No, not necessarily. I work with a couple guys from my Decon [label] situation who went on the joint venture with Nas and Mass Appeal. So after my Alchemist album, they had the option to match the contract that someone else was trying to give me, because my deal was a one-off. So it kind of was a crossover into what Mass Appeal was trying to do, and extended to what Nas had going on and what Decon had going on. And I guess in those conversations it might've come up, but it was a crossover from the old label into the new joint venture. It was optional, so they didn't have to keep me, they could've picked anybody up, but I'm kind of like the flagship artist of the label. And it's kinda dope, because Nas is my favorite MC of all time.

When was the first time you met Nas?
At SXSW right before he brought me out was the first time I met him. I met him and DJ Whoo Kid, his staff and a couple of his homies. What was crazy about the first time I met him was that I had so much that I wanted to say to him, 'cause I grew up on his shit. I didn't go to school, so other than my own personal experiences from the streets, [Nas] just enlightened me and put me on to a whole bunch of stuff that I wouldn't have looked at in that light if he wouldn't have put it in my face in plain English. He was saying shit I always felt and didn't know how to express it verbally.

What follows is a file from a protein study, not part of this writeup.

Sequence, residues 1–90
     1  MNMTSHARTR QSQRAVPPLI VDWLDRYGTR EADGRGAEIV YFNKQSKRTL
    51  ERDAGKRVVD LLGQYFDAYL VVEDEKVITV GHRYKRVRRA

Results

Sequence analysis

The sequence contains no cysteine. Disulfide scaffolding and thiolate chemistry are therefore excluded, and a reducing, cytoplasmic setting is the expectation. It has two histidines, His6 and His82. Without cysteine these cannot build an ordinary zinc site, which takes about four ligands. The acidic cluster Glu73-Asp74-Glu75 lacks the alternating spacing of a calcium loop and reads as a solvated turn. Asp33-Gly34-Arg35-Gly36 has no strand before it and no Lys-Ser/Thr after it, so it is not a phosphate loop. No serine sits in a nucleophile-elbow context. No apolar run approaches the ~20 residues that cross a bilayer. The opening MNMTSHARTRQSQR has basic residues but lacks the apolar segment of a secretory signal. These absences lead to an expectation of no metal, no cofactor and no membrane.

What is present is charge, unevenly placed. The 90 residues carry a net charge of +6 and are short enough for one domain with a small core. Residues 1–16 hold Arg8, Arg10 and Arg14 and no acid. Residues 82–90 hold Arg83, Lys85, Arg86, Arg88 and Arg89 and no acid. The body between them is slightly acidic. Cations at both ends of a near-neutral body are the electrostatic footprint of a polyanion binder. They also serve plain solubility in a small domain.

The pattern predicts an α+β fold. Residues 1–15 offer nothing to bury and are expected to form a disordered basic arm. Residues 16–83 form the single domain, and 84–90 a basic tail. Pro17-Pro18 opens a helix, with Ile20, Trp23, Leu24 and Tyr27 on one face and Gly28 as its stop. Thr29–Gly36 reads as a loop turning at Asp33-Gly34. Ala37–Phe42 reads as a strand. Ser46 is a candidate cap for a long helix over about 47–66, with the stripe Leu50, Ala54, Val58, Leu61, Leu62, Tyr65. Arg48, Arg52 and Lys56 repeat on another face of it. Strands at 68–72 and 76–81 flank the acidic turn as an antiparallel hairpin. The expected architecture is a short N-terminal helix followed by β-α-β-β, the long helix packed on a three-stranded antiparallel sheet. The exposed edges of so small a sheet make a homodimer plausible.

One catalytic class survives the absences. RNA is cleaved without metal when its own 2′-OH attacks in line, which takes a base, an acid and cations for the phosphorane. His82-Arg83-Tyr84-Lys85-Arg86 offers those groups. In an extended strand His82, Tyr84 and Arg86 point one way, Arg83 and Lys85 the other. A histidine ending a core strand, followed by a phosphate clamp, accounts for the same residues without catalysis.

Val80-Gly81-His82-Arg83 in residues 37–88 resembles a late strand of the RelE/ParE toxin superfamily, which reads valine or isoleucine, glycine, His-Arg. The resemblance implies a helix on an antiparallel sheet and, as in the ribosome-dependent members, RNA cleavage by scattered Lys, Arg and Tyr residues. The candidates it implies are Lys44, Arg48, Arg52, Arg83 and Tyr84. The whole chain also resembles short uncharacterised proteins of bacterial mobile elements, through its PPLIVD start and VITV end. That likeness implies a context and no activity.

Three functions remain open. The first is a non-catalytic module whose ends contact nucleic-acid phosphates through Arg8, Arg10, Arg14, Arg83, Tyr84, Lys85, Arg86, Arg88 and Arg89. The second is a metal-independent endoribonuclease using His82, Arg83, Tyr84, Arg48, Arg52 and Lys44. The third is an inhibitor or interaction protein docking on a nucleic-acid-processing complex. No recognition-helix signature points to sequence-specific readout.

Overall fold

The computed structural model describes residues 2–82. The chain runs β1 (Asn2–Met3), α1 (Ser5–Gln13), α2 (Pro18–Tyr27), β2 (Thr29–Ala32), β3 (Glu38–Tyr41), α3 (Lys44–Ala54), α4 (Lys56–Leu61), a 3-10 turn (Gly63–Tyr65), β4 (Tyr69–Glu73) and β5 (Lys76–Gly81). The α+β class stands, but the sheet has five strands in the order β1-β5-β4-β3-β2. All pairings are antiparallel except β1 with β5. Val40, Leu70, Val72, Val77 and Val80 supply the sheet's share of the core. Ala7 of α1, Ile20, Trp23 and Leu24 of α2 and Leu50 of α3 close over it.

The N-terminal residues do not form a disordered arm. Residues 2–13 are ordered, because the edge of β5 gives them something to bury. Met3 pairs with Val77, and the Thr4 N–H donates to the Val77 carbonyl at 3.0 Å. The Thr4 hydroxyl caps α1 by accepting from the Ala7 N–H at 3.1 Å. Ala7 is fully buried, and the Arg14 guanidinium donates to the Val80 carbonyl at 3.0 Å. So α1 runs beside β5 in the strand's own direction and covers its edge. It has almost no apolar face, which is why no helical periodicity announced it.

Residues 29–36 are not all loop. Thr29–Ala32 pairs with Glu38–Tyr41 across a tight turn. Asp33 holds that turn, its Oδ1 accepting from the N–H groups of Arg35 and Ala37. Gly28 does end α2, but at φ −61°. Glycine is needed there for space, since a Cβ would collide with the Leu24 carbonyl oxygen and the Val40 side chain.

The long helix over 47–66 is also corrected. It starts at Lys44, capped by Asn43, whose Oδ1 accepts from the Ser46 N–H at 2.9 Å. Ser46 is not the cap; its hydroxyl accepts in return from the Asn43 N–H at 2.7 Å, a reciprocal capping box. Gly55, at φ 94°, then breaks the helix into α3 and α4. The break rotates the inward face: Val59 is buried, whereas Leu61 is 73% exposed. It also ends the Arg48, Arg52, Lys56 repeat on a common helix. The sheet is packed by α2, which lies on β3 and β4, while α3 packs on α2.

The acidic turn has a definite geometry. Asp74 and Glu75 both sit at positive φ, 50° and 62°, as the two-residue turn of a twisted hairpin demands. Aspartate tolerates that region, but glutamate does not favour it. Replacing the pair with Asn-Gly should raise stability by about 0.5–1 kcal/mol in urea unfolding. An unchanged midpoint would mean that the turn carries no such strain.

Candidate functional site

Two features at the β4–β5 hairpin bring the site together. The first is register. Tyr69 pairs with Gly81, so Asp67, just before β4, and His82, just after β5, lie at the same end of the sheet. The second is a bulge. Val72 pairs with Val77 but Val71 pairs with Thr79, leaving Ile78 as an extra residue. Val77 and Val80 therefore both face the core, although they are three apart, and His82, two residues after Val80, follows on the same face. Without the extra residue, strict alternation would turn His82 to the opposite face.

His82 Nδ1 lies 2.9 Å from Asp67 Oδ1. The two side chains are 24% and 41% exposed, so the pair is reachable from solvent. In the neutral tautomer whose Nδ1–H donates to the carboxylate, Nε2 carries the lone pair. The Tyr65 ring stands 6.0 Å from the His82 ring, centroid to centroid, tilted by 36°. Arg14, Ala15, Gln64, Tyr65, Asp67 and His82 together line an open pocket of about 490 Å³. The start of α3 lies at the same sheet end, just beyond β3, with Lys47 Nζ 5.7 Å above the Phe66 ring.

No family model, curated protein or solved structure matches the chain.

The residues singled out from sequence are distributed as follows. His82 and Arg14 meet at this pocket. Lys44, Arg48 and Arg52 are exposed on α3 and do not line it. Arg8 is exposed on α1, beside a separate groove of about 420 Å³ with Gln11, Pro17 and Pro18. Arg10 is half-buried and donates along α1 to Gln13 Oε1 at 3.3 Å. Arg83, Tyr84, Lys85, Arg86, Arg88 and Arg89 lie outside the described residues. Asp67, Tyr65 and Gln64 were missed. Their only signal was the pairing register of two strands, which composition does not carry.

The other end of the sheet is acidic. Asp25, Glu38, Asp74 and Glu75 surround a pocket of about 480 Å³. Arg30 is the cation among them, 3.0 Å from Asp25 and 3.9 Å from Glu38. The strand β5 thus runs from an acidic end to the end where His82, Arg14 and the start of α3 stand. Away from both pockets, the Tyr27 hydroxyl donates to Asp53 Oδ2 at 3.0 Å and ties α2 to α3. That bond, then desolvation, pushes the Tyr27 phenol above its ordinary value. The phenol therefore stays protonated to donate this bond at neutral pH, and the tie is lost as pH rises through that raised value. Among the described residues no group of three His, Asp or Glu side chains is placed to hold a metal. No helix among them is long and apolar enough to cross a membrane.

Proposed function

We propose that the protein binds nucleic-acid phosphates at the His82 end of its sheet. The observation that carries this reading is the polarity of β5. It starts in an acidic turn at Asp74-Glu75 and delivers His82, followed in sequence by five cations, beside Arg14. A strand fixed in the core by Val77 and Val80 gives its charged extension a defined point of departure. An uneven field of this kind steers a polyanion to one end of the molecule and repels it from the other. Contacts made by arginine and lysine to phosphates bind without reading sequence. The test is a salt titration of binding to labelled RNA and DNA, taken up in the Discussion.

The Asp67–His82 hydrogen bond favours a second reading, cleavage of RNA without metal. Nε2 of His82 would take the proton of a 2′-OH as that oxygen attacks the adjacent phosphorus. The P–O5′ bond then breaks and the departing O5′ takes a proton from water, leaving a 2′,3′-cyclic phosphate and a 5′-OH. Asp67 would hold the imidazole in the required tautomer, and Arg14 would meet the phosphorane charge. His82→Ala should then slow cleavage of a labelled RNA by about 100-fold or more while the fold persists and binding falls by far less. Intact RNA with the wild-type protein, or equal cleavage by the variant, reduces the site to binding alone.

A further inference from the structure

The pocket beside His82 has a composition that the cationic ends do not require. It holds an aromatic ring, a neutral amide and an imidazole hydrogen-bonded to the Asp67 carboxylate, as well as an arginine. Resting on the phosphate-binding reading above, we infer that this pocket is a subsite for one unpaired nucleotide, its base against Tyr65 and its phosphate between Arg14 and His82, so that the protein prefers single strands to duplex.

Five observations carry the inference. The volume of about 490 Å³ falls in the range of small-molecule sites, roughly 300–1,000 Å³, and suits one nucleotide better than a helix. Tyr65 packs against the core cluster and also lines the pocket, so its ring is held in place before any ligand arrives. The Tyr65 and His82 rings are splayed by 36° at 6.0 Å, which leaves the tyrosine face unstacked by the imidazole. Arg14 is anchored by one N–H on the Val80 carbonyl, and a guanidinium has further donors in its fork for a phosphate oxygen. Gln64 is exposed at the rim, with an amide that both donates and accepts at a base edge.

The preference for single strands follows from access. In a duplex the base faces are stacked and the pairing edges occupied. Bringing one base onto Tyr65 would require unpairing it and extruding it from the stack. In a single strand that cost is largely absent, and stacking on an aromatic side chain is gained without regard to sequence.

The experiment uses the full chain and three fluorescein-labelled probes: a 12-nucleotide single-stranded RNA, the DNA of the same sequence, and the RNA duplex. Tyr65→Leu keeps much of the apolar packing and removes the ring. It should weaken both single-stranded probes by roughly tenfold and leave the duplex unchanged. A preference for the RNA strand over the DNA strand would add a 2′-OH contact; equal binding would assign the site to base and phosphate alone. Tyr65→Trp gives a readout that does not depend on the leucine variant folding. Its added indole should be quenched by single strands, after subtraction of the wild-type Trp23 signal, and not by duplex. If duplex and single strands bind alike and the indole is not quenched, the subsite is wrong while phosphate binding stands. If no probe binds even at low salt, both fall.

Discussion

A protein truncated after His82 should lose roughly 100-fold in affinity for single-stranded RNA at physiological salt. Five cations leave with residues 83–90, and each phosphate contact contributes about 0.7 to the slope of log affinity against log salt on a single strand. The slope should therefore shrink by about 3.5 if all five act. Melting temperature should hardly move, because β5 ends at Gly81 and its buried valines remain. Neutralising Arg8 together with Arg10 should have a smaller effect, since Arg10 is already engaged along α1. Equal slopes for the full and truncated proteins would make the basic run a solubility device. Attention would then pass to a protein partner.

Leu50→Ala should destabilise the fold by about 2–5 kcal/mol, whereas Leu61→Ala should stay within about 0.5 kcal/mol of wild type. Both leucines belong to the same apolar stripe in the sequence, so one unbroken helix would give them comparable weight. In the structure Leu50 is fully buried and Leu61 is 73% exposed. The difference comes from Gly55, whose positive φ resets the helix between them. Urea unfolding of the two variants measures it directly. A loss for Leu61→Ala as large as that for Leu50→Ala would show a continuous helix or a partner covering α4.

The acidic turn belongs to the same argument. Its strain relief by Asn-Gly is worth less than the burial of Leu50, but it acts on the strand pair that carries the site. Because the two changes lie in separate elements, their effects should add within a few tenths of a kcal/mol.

The flow I got is molded through a lot of shit he was doing and a lot of shit I grew up liking—like the Big Daddy Kane's, that shit was dope as hell—but Nas was something different. He was special with the flow; his flow was something epic to me, his style was more of the image of how I perceived a real big city boy. He probably saw my vision a little bit to put me around the right people so I can match the vision of what I've been making.

Have you been in the studio with him?
We're putting all that in the works right now, but there's no rush on it. You can't rush perfection or greatness, you just gotta let it kind of take its course. And when it's time, it's gonna be time, I just hope that I can rhyme at a level that high. [Laughs] My man is 20 years in and he's still spitting like he's 20, you know what I mean? The last time I kicked it with him [was in New York last month], and right now we're trying to put in the works what type of joints we're gonna cut, 'cause I got a couple coming up. When the time is right, it's gonna build itself, 'cause it's the truth.

What are you working on right now?